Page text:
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Tech sector X Factor: The customer isn't always right

Splunking from Twitter to Flickr

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Open ... and Shut Curing cancer is probably worth a few billion dollars to whoever figures it out. But so is helping enterprises search machine data to find patterns and problems, as Splunk has learned in its 1999-style IPO last week.

Splunk, which now bills itself as "Google search for the data centre," originally intended to cure cancer. It's fair to say that its investors and customers are glad for the less noble purpose that now fuels its success.

Which, perhaps, is a reminder that while listening to customers can be the death of a successful company, as Clayton Christensen argues in The Innovator's Dilemma, it can also be the thing that makes your company successful. Not that there's any particular pattern to this "success" thing.

Charlie O'Donnell, a venture capitalist with Brooklyn Bridge Ventures, illustrates this well in a recent blog post:

Venture capital is kind of like a knuckleball. Even the guy tossing it around has no clue why it winds up where it does. VCs construct stories in their head as to why they invested in this or that, and much of it is based on prior experience, but they're often awful at articulating the real reasons. Maybe you reminded them unconsciously of an entrepreneur they regretted passing on in the past. Maybe they turned you down because they thought you were too pushy. So much of this is gut feel with a thin later of strategy retrofitted to seem more than random.

Which is not to say that there's no rhyme or reason as to why some companies succeed and some fail, but rather that there may be (very) few timeless truths to apply.

Splunk gave up on cancer to focus on an area that the founders knew well. Twitter's founders dumped a (then) hot market – podcasting – to create a wholly new product that did something no one knew they needed. Box decided to apply a consumer technology approach to enterprise content management, but it took years to catch hold (and "catch hold" it has, and then some). Groupon started out as a do-gooder website designed to let people donate en masse to a cause, and became a group-buying service (or a financial train wreck waiting to happen, depending on your perspective).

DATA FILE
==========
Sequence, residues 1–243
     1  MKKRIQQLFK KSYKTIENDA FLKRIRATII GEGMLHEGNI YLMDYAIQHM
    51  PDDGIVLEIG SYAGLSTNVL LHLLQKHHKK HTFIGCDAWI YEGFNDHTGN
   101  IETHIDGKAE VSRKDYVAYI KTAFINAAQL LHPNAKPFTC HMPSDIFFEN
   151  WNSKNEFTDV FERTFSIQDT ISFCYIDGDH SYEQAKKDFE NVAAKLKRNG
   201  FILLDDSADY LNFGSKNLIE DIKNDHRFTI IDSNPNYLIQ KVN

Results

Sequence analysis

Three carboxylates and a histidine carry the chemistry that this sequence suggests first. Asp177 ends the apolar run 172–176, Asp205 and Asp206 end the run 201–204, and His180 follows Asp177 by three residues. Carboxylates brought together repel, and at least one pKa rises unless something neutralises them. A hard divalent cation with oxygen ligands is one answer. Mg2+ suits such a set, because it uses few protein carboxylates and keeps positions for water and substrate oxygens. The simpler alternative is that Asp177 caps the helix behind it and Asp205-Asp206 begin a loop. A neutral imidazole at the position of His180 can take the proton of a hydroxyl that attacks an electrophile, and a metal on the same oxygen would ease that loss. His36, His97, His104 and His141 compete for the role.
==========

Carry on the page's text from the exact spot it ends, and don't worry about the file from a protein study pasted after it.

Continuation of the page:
There aren't many commonalities between these different examples.

One thing that does seem to apply is that in each case, the companies focused on something that was of particular interest to at least one of the founders. That and a willingness to pivot which, as described in Startup Genome project data, is an essential characteristic of successful startups.

In fact, the more you dig into some of the industry's biggest, most successful companies, the more prevalent the willingness to pivot early on.

Instagram? It started off as a Foursquare clone (called "Burbn"). Users didn't love the check-in service, but did love the photo-sharing aspect. $1bn later...

Flickr? It started as a massively multiplayer online role-playing game called Game Neverending. Facing oblivion, the company launched a photo-sharing service as part of the game, which co-founder Caterina Fake later said the company never would have done had it reviewed the online photo-sharing market, given that there really was no market.

And so on, from Apple to PayPal to YouTube to Microsoft to Sony to Nokia to ... you get the picture.

About the only commonality between these companies was a willingness to make big changes when customers didn't fall all over themselves to buy the initial product. It's not even the case that each company was well-funded, allowing them to make the changes without worrying about cash flow. In several cases these were desperate measures taken to stave off oblivion…and they worked.

Of course, many other start ups have pivoted and landed with a thud. Lesson? There is no easy path to success, but a calculated pivot may well help. ®

Matt Asay is senior vice president of business development at Nodeable, offering systems management for managing and analysing cloud-based data. He was formerly SVP of biz dev at HTML5 start-up Strobe and chief operating officer of Ubuntu commercial operation Canonical. With more than a decade spent in open source, Asay served as Alfresco's general manager for the Americas and vice president of business development, and he helped put Novell on its open source track. Asay is an emeritus board member of the Open Source Initiative (OSI). His column, Open...and Shut, appears three times a week on The Register.

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